The PTA, the UEA, the AFT, the Utah School Boards Association, the Utah
School Business Administrators Association, the Utah School
Superintendents Association, the Utah School Employees Association, the
Legislative Coalition for People with Disabilities, the Utah School
Counselors Association, the Utah Consortium of Education Leaders, the
Utah Association of Secondary School Principals, Utah Association of
Elementary School Principals, Voices for Utah Children.
Virtually all of these special interests—and this list is by no means
exhaustive—represent, or claim to represent various groups in Utah’s
classrooms and boards of education. Why are there so many special
interests focused on public education? Political scientists write
lengthy treatises to explore that question, but the simplest answer is
that we have important differences of opinion about how best to
structure and operate our system of public education. And since we can’t
all agree on one solution, we agree to use a set of rules to choose who
selects the solutions, and which solutions they’ll select. In other
words, we use politics.

These rules are manipulated and twisted; tempers flare; and emotion too
often trumps reason. That’s why politics is so distasteful. However,
that distaste is a small price, compared to the alternative methods of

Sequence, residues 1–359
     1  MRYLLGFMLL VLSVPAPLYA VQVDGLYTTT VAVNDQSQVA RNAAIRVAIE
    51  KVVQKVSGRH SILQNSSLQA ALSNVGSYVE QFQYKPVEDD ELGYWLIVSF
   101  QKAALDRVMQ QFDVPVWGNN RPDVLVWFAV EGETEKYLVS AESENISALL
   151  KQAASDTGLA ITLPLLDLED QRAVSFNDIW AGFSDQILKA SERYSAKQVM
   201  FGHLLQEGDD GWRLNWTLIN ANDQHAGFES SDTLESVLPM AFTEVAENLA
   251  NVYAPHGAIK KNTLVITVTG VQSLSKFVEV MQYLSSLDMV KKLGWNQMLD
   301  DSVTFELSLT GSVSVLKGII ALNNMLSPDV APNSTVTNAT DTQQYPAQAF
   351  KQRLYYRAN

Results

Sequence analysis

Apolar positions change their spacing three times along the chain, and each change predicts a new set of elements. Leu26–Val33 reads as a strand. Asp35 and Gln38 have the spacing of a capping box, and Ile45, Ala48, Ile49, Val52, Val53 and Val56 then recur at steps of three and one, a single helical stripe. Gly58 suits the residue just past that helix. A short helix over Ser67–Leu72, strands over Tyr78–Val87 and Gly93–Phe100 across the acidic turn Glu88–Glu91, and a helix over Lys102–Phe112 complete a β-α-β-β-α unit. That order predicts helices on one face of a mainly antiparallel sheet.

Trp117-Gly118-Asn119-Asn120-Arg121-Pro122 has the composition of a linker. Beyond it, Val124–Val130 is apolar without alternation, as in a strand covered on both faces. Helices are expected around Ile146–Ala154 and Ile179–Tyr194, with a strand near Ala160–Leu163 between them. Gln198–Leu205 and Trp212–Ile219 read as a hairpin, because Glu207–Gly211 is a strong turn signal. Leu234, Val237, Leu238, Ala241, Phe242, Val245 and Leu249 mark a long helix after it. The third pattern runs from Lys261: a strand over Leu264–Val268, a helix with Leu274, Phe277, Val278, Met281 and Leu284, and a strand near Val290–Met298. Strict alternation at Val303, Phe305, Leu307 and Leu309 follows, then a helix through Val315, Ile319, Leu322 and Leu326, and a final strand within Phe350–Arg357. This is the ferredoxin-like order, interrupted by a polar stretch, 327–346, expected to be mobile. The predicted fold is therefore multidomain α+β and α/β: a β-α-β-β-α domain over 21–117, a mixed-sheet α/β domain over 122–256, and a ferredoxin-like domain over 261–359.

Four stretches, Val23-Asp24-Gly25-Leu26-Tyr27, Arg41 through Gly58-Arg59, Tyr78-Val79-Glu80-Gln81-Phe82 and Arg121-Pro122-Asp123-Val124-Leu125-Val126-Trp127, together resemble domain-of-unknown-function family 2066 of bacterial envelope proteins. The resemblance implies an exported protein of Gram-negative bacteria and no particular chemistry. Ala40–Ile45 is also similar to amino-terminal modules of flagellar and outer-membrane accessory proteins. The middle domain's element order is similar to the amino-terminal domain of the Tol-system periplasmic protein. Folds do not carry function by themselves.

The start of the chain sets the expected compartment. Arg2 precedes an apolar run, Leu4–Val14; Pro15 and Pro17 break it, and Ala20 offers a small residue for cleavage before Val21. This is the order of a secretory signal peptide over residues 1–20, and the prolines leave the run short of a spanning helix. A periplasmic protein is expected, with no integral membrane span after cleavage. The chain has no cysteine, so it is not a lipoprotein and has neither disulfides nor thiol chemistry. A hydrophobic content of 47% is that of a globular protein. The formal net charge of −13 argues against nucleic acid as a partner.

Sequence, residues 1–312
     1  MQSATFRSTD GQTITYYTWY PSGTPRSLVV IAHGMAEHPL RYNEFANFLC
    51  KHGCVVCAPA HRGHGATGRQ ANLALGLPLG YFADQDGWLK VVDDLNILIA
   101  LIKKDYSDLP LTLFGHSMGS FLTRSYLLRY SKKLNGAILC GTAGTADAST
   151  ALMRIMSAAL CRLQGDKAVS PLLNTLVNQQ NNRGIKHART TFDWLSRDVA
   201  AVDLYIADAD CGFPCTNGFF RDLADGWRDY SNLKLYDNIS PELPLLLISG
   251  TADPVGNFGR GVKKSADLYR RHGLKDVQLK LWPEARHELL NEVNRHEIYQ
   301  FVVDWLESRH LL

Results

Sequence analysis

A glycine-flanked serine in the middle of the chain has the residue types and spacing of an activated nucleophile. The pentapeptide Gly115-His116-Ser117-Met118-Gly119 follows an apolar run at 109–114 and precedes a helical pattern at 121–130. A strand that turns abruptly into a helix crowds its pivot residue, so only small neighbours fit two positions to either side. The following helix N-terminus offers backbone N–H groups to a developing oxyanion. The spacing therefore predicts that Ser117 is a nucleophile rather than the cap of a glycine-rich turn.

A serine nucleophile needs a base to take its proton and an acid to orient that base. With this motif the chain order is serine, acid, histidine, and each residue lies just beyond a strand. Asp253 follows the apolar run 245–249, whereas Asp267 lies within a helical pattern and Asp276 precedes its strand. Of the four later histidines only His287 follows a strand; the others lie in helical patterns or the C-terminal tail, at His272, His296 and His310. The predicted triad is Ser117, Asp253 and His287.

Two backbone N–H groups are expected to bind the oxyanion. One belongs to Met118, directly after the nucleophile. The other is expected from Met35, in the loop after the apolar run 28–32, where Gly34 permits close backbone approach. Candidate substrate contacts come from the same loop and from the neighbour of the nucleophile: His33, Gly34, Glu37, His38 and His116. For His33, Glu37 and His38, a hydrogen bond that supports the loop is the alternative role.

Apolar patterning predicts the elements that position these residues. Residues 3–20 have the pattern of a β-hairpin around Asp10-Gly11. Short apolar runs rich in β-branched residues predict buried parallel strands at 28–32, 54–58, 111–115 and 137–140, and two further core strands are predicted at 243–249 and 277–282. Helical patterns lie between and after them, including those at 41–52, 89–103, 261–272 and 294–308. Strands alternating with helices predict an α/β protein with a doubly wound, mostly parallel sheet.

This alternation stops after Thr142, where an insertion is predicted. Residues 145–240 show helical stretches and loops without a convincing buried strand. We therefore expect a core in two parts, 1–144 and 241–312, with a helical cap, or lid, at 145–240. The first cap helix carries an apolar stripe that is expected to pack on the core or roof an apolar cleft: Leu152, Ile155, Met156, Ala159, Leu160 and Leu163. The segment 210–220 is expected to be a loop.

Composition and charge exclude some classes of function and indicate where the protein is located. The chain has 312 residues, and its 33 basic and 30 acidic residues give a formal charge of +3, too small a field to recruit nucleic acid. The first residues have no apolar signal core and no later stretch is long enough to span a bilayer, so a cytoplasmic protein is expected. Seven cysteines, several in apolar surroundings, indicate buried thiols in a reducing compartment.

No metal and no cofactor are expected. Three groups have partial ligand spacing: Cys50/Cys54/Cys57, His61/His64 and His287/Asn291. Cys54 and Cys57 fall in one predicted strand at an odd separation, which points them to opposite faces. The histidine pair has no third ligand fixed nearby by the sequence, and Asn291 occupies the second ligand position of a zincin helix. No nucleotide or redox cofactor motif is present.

problem solving prevailing in Kosovo, Darfur and Afghanistan. And as the
Daily Herald wrote, “Emotions are a sign that people care, and intense
debate energizes the quest for truth. The collision of opposing ideas
helps truth to emerge in a livelier fashion than it would in a lukewarm
atmosphere of apathy.”

What the people want or what special interests want?
Political parties would ensure education reform comes from the people
and not just the special interests which currently nominate school board
candidates outside public scrutiny. Lest we forget, the need for reform
of public education has been a common refrain of both the supporters and
opponents of vouchers. Former State School Board member Tim Beagley, who
wrote, “Our public schools are in need of improvement and I believe we
now have a window of opportunity to make some meaningful changes.” And
The Daily Herald said, “While a 62 percent to 38 percent vote may be a
runaway as elections go, the opinion of more than one-third of the
electorate that change is needed is not something that can be taken

While these assessments are all quite recent, the contrasting attitudes
of Utah’s editorialists highlight either a disconnect preventing
otherwise sober observers of public life from recognizing the need for
reform in public education, or willful obfuscation in pursuit of a
specific agenda.

In either case, it is absurd to lament the introduction of politics into
the governance of public education. For my part, I believe the editorial
writers are unable to distinguish reality from myth as they opine about
a process they know little about first hand. The other alternative
requires that they are engaging in the very political subterfuge they